Maternal and foetal benefits in breast-fed and bottle-fed babies

Ankur Singhai, Arpit Porwal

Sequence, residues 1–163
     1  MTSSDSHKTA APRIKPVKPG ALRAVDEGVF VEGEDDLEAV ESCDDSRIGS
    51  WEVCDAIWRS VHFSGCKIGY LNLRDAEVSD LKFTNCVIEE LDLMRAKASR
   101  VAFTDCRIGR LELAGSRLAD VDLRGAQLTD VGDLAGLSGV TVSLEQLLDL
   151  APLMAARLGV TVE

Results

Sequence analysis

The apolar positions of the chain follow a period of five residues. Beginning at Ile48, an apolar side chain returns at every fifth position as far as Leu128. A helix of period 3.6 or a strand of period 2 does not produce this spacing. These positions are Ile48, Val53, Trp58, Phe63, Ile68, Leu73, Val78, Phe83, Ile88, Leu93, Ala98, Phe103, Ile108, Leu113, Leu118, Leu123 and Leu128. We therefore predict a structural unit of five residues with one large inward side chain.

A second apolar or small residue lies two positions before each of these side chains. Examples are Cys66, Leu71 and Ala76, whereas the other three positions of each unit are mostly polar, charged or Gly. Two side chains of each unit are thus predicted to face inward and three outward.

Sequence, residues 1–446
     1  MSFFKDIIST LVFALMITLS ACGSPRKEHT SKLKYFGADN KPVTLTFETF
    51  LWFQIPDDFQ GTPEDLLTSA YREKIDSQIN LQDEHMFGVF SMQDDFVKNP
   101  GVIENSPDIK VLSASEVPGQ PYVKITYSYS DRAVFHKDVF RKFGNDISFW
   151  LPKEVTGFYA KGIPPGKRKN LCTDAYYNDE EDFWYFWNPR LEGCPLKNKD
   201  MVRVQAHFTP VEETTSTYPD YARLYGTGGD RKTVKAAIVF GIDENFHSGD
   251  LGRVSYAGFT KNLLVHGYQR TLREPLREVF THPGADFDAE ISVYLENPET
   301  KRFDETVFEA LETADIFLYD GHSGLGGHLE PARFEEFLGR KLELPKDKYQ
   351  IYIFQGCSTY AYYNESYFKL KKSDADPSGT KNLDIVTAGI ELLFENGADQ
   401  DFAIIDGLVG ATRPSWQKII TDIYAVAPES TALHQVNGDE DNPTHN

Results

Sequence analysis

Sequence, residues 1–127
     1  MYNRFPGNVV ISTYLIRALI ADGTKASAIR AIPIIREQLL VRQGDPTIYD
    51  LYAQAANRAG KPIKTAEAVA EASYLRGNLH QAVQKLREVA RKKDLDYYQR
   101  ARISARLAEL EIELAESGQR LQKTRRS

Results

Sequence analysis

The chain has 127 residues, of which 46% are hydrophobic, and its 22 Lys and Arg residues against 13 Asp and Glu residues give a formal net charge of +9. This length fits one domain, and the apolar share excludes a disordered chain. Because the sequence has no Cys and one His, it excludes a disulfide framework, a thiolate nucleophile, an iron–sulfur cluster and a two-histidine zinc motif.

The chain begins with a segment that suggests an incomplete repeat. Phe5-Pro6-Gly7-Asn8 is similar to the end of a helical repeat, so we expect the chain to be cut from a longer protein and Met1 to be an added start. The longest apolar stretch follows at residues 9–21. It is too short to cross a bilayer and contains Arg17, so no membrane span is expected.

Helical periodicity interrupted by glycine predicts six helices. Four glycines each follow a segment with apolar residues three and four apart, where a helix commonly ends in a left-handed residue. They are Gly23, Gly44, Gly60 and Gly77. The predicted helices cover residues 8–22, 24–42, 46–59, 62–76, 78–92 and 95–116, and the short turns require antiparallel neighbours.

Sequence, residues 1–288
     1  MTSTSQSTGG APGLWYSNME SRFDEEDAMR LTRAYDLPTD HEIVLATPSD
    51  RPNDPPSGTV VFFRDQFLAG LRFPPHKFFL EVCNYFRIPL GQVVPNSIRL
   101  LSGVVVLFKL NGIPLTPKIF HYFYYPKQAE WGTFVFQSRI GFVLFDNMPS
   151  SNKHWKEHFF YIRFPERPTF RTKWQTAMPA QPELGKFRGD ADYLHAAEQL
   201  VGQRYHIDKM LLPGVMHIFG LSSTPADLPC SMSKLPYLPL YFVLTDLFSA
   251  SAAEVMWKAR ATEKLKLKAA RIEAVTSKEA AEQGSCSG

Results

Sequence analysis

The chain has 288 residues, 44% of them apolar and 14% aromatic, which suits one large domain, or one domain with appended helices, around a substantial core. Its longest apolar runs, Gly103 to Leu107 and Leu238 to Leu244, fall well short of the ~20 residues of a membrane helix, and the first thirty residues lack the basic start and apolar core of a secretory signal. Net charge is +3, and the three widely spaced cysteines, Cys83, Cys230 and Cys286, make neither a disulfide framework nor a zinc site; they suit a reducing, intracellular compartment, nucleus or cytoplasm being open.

Background: It is important to ensure the optimal growth and development of children so that they can effectively contribute towards progress of the nation. Children in their early life are completely dependent for their nutritional requirements on their person both in terms of quantity and quality. This, in term, is influenced by the customs, traditions and beliefs as well as socioeconomics and education status of their parents. Aim: To study the feeding practice and the factors associated with the feeding practice and to compare the health, nutritional status and other benefits of the babies between various groups. To utilize the conclusions derived in future planning and nationwide activities. Materials and Methods: A prospective study was undertaken with 300 breast- and bottle-fed babies and their mothers. They were selected for this study from our OPD using Multistage Stratified Random Sampling Techniques. Keeping the Objectives and natures of the study in view, the ‘Descriptive Survey’ method of research has been adopted. Results: Out of the 243 babies, majority (46.91%) were suffered from diarrhea, followed by 38.68% from fever and (6.59%) were suffered from jaundice. Out of the 105, (57.14%) were suffered from fever, followed by 22.86% for diarrhea. Similar pattern regarding duration of disease were observed among the breast- and bottle-fed babies. The mean duration of illness was 7.18 days which was more in bottle fed babies (7.58 days) as compared to breast fed babies (6.75 days). Conclusion: Breast feeding can save families as much as Rs. 2500 per months formula costs. Breast feeding can save families even more money by reducing medical costs. For healthier mothers and babies. Experts also agree that breast feeding holds many other benefits for both the mother and infant.

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